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    Julesmom asked a questionBreast Cancer

    Exercising.....Are you able to get up enough energy to go exercise? I can't seem to get into a routine that gives me energy to do it.

    6 answers
    • MLT's Avatar

      I did the Livestrong program at the Y, for anyone who has had cancer. They work with you at your level. Only missed one class on a chemo day. Sometimes it was a struggle, but needed after vegatating last winter. I do still have days when I can barely move, usually depends on my hemoglobin level. Any movement is good.

      11 days ago
    • msndrstood's Avatar

      After chemo, radiation and surgery I lost a lot of weight, I mean like 100 lbs. It was an incentive to move for me. Like Lynne, I got a fitness tracker on Amazon for $30 and just started watching how much I walked. When spring came, I walked our back acre, when it got too hot in the sun, I walked up and down our 300 foot driveway in the shade. When it got too hot to walk in the summer months, I decided to join Planet Fitness and walk on the treadmill and the exercise bike. I'm still not able to do any upper body work outs because of constant muscle spasms post double mastectomy, but walking is definitely my thing. I started out at 1.6 mph and could only last 20 minutes. After 4 months I'm up to 3.3 mph, 4% incline and walk for 50 minutes, then I do 40 minutes on the bike. I'm 21 lbs from my goal weight and I haven't felt this good in 35 years.

      I agree with everyone else, find something you don't mind doing, and start slow. You'll get to where you want to be but you don't have to get there in a hot minute. Be gentle with yourself, go slow and see how it goes. Good luck!

      10 days ago
    • msndrstood's Avatar

      Just an addendum... I also have MS which makes walking a challenge at times, I tend to drift when I walk so I hold on to the hand rail for dear life. In the beginning I let go once and almost flew off the back of the treadmill!

      10 days ago
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    Julesmom posted an update

    Another article that says we should exercise more. How do we do that when I have a hard time even getting out of a chair?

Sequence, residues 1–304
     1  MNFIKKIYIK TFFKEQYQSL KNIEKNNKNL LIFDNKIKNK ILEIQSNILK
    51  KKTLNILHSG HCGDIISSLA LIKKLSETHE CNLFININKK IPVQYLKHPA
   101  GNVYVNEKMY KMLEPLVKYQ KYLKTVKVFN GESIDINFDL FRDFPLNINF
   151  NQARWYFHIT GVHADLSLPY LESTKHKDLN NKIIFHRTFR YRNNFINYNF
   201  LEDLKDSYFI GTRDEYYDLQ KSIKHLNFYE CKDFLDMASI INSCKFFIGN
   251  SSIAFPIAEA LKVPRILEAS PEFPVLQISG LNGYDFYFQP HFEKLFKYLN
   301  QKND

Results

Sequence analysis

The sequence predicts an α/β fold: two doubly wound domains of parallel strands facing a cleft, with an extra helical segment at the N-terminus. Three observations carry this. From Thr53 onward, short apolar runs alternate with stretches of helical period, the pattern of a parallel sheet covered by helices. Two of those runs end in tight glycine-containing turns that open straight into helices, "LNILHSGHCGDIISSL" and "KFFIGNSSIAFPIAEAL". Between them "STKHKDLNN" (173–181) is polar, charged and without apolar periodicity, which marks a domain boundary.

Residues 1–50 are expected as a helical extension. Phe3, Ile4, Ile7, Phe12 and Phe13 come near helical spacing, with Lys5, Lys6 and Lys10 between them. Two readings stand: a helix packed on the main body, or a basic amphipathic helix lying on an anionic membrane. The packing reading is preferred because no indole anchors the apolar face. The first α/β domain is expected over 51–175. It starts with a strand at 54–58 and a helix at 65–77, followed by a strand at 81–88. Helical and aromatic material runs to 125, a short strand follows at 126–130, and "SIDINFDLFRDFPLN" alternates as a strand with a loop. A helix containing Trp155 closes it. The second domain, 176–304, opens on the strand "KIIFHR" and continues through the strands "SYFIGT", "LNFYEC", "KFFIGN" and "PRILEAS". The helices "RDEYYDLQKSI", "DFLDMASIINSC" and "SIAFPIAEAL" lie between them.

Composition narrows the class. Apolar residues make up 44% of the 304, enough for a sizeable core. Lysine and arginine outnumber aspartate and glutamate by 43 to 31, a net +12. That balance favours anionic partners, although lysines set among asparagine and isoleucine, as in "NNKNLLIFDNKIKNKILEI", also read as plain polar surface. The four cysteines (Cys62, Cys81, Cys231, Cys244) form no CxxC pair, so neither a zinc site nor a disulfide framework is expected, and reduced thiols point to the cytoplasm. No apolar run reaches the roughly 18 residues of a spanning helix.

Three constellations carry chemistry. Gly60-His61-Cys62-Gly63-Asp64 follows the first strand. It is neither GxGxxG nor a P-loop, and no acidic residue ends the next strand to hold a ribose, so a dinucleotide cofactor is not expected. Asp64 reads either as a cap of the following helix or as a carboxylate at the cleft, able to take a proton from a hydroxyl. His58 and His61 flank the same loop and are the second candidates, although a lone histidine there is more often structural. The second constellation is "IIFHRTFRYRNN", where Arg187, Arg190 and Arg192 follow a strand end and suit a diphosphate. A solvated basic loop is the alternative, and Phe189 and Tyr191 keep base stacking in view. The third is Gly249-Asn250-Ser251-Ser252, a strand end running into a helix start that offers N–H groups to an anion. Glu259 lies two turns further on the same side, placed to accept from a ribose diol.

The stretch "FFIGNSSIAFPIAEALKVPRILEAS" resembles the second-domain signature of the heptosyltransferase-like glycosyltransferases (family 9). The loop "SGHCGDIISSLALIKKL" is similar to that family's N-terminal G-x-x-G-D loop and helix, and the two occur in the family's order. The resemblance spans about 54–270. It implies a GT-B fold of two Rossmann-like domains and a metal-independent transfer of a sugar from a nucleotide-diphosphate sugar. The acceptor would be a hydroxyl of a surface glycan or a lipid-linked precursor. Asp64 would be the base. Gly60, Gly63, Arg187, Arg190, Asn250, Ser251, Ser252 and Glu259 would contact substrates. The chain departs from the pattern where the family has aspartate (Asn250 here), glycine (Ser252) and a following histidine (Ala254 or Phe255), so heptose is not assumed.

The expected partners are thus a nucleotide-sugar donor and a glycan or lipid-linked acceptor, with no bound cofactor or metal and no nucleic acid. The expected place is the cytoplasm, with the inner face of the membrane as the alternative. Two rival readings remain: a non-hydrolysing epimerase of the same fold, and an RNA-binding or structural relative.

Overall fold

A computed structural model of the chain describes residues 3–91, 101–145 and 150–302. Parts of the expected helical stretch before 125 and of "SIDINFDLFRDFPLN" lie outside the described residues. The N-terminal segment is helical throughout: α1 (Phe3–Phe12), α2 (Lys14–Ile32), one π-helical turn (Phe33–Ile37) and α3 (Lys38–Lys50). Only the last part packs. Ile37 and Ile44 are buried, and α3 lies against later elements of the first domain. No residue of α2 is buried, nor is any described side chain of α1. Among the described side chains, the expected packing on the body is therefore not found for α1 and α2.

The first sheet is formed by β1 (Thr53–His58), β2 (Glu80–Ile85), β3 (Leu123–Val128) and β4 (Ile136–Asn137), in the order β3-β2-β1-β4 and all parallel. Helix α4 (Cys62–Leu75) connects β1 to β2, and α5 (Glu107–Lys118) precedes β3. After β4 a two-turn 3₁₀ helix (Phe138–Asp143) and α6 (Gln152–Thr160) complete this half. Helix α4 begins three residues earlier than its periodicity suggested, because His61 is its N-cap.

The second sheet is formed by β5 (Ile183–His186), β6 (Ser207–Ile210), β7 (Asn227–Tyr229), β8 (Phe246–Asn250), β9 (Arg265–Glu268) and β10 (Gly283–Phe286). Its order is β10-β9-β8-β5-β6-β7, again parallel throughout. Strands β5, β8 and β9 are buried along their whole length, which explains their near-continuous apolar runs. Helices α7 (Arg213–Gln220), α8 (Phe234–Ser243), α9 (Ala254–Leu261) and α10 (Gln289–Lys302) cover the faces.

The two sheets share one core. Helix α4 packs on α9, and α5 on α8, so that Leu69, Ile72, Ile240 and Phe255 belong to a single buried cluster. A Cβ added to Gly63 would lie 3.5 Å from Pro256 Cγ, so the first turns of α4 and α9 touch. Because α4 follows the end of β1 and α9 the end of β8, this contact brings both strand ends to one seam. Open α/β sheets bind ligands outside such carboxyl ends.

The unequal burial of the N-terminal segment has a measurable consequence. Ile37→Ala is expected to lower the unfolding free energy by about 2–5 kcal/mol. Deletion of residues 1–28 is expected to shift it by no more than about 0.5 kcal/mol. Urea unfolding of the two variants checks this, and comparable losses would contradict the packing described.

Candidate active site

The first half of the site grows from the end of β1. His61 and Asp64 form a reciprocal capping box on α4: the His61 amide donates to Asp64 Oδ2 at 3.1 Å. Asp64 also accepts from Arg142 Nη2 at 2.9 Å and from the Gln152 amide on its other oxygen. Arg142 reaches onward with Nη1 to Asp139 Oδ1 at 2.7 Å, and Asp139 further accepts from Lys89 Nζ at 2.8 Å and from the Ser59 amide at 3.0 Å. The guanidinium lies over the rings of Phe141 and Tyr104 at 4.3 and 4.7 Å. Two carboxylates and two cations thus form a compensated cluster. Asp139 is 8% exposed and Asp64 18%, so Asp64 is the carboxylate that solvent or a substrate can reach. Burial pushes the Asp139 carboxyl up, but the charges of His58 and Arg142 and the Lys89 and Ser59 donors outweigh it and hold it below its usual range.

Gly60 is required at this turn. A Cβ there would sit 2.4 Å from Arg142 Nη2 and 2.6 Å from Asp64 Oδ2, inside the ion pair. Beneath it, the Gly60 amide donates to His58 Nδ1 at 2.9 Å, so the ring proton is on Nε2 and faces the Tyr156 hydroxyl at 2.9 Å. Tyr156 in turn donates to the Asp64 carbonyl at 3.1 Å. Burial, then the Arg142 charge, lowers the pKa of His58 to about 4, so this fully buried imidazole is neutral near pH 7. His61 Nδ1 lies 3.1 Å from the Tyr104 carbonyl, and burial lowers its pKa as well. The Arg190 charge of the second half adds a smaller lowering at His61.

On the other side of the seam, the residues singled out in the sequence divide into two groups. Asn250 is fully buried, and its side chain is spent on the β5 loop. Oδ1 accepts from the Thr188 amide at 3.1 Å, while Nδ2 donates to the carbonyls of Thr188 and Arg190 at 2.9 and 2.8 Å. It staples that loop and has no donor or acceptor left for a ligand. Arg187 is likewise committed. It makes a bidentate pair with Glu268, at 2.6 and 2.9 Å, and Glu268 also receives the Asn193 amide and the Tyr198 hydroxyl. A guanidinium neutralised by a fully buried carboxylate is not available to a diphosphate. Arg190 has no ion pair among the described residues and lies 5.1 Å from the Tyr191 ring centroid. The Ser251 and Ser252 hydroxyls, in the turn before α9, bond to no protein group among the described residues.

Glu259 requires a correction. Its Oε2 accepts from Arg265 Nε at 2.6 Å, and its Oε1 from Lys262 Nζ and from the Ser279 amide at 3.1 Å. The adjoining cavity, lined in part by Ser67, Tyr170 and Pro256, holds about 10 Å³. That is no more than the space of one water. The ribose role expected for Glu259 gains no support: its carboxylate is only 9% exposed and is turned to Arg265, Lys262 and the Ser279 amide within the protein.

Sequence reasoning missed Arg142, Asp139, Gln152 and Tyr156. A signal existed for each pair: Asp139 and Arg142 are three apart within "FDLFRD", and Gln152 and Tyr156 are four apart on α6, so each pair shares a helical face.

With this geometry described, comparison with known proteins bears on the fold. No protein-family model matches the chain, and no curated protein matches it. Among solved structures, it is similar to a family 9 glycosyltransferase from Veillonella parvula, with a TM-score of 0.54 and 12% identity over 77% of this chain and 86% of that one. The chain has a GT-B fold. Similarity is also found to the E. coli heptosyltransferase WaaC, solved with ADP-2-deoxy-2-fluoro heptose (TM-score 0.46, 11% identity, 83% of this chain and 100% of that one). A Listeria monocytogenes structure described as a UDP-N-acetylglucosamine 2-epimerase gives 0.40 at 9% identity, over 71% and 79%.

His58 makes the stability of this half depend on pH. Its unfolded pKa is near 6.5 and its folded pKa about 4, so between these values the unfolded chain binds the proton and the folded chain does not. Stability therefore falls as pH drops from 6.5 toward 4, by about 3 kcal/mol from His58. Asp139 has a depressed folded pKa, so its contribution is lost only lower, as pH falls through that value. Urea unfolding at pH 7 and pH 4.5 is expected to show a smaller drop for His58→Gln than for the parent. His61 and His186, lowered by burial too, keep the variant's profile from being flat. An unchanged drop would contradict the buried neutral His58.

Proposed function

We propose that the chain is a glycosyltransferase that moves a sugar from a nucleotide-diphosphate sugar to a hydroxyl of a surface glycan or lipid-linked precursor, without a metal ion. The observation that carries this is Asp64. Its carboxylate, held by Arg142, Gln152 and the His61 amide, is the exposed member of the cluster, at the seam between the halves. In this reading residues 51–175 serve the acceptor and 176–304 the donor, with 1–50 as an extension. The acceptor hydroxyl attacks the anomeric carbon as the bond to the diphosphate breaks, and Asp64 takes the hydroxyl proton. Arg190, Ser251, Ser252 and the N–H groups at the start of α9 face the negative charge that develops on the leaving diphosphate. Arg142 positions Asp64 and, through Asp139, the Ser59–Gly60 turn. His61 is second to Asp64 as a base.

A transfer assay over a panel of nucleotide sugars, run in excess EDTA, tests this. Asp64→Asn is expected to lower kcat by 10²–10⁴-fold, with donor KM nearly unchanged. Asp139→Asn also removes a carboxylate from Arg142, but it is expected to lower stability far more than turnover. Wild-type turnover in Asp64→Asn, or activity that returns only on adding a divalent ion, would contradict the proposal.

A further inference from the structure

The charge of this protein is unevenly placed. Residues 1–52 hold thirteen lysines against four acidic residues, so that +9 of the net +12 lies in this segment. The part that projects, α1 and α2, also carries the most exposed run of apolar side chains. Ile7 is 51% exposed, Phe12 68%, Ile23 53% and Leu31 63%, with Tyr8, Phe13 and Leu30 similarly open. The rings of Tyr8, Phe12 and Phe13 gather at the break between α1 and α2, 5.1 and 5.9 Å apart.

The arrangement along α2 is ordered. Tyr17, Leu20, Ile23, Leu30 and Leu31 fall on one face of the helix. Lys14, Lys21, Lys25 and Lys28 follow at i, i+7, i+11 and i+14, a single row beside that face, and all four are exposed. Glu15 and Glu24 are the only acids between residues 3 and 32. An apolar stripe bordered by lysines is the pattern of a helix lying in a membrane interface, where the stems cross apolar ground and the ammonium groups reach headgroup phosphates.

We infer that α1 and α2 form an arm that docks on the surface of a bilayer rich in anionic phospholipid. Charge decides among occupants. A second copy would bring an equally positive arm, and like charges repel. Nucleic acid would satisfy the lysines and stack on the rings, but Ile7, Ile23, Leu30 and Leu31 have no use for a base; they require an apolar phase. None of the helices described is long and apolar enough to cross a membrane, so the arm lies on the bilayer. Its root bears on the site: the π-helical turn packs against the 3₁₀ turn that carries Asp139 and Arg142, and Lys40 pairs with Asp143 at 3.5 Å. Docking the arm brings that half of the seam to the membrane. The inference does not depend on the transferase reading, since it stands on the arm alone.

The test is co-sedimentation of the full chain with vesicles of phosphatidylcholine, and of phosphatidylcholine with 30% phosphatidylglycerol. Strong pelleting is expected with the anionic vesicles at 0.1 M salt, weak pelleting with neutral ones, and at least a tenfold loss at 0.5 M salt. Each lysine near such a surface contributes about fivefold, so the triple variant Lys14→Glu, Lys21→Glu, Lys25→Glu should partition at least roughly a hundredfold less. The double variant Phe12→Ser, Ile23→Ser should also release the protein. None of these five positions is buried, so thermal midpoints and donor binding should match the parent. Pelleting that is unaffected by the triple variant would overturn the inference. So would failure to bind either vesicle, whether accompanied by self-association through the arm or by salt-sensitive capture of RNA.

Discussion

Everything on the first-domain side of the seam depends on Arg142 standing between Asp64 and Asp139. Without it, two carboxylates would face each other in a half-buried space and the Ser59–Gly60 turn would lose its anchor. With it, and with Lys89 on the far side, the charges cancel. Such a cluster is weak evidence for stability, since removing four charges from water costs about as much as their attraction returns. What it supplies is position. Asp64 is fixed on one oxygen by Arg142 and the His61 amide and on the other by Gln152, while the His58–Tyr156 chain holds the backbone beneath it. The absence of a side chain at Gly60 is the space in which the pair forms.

Multinational Consensus Panel Confirms Benefits of Exercise, Updates Recommendations for Cancer Survivors

    There is one prescription that is applicable to almost everyone, healthy or not: Exercise. “Use it or lose it,” we say. “Movement is life,” we hear.

    Exercise is especially helpful to cancer survivors — a population that is happily ever increasing. There are now more than 15.5 million cancer survivors in this country, and that number continues to rise.1 However, although the benefits of exercise are becoming increasingly clear, actually putting it into practice can be difficult for someone who is fatigued, older, or returning to work while continuing to cope with their disease as well as comorbidities.

    Although in the past cancer patients were advised to rest and remain inactive, that changed in 2010 when guidelines advising the opposite were drawn up by experts in exercise and oncology. At that time, the American College of Sports Medicine (ACSM) met with oncology specialists and concluded that studies of survivors of breast and prostate cancers showed clear benefit from participating in exercise programs. These experts found that such programs improved survivors’ physical functioning and fitness, helped with their cancer-related fatigue, and generally enhanced their quality of life. Those preliminary recommendations have been updated by subsequent research; since then, results of more than 2500 randomized controlled trials on the importance of exercise have been published.

    Support for Exercise Programs During, After Cancer Treatment